As a past President and current member of our chamber of commerce I have long advocated for it to be a strong, effective Manchester business organization. This is why it was disappointing that, after 16 months spent revisiting its purpose, basically the outcome was a name change from The Manchester and the Mountains Regional Chamber of Commerce to a new entity called The Partnership.
For the past 30 years this chamber, as its full name suggests, was supposed to be focusing on what The Partnership now claims it will do; regional economic development and destination marketing. With the exception of seeking taxpayer assistance from Manchester and surrounding towns, the partnership offered nothing fundamentally different and apparently the voters of Manchester, Sunderland, Arlington and Stratton agreed, along with two towns that did not bring it to the voters. All rejected the chamber's petition to help fund its transition which included hiring a regional economic development director.
Unfortunately one of the drivers for this transition to The Partnership stems from the chamber's financial difficulties. How did this happen? Some of it resulted from the chamber's years of dependency on membership dues from small businesses that had no other access to affordable health insurance. These members left when the state introduced Vermont Health Connect and they saw no other compelling reason to remain with the chamber.
But more importantly, it has been the disenfranchisement of its core constituency, the Manchester business community, that has brought on this identity and financial crisis. Until recently 70 percent of chamber membership consisted of Manchester businesses. As coordinator of Manchester's Marketing Initiative Committee, I have called on several of these small businesses and been told that they seldom get visited by a chamber representative or board member or asked about how the chamber could help with their business concerns. For many, this 30 plus year experiment with regionalism has come at their expense with a significant number losing confidence in the organization and dropping their membership. The result of not paying attention to its dues paying "customers" showed up in the voting booth where the chamber's flagship town rejected its request.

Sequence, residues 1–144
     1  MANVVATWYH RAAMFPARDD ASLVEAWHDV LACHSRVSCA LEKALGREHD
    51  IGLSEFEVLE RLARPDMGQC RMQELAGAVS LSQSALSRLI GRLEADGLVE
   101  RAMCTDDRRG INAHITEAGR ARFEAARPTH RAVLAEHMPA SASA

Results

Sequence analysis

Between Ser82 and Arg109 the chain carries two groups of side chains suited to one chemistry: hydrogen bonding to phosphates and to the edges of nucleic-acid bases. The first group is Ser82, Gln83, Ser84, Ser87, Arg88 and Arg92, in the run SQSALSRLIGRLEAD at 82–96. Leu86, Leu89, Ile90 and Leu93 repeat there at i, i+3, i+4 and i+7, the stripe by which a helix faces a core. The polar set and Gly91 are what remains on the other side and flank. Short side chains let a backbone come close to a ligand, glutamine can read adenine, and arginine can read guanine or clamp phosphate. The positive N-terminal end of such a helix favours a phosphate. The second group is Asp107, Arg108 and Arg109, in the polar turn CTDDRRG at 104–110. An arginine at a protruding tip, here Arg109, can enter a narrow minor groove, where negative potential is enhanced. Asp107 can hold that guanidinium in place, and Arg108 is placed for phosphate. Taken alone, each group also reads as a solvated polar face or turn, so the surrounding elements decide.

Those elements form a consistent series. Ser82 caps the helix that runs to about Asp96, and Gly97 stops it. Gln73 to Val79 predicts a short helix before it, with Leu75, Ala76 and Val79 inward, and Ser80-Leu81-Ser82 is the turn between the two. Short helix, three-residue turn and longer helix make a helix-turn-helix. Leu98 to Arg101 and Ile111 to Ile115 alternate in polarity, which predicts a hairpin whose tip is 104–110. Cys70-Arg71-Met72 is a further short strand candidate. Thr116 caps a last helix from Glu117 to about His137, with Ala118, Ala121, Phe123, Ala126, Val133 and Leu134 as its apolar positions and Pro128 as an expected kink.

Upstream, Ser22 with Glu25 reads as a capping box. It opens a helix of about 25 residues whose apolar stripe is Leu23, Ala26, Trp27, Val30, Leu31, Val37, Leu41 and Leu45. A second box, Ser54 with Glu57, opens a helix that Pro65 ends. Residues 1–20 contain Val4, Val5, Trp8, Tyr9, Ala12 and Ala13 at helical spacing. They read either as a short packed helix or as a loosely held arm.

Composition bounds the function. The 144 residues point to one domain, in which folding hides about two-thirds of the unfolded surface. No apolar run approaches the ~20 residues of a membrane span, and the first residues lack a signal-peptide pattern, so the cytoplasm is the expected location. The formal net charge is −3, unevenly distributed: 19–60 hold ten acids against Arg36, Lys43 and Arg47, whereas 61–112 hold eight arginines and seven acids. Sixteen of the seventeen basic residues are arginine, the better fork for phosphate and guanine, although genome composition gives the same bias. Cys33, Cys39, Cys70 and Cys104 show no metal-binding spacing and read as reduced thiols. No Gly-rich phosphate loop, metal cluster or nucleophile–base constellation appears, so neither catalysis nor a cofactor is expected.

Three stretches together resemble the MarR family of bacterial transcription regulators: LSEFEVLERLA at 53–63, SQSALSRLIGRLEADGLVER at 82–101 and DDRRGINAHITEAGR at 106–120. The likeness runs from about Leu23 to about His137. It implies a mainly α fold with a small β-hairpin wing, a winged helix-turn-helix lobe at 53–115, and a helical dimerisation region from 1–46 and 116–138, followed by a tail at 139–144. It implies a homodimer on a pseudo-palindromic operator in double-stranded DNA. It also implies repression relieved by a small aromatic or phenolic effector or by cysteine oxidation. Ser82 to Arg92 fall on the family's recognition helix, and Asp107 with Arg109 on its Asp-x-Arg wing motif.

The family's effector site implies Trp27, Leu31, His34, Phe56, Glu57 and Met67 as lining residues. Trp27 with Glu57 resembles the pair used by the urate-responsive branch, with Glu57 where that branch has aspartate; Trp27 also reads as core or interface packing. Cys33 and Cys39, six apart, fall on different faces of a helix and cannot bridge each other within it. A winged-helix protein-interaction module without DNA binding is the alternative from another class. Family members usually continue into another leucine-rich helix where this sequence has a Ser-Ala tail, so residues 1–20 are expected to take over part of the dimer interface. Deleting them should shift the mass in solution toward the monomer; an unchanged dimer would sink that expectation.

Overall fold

Compounding the problem has been the lack of marketing and economic development leadership from the chamber; a leadership vacuum that the town of Manchester itself stepped in to fill. Our town leaders clearly recognized this and for the past three years included money for marketing Manchester in the town budget. These marketing dollars, matched by contributions from individual Manchester businesses has fostered a practical partnership between the Manchester business community and town government. This is the partnership the chamber should have but cannot as long as it continues to remain a regional organization.
Fundamentally the chamber's failure to focus on Manchester as the region's principal economic engine is misguided. An economically strong and diverse Manchester will do more for regional prosperity than what the chamber is currently proposing. Promising to promote economic activity in villages and towns that may not want it or are unprepared for such change just doesn't make sense. Putting efforts behind building a stronger, more vital Manchester will help every surrounding town and put southern Vermont in a much better position to get the cooperation and support that some appear to be seeking from state and regional agencies.
Article 14 was rejected by Manchester voters for all the right reasons and no reconsideration should be given for a re-vote. It is time for the chamber to rethink its mission and emerge as a strong Manchester business organization, one that can generate meaningful economic partnerships with its members, its town government and its citizens for the benefit of all. I for one am ready and willing to work for that.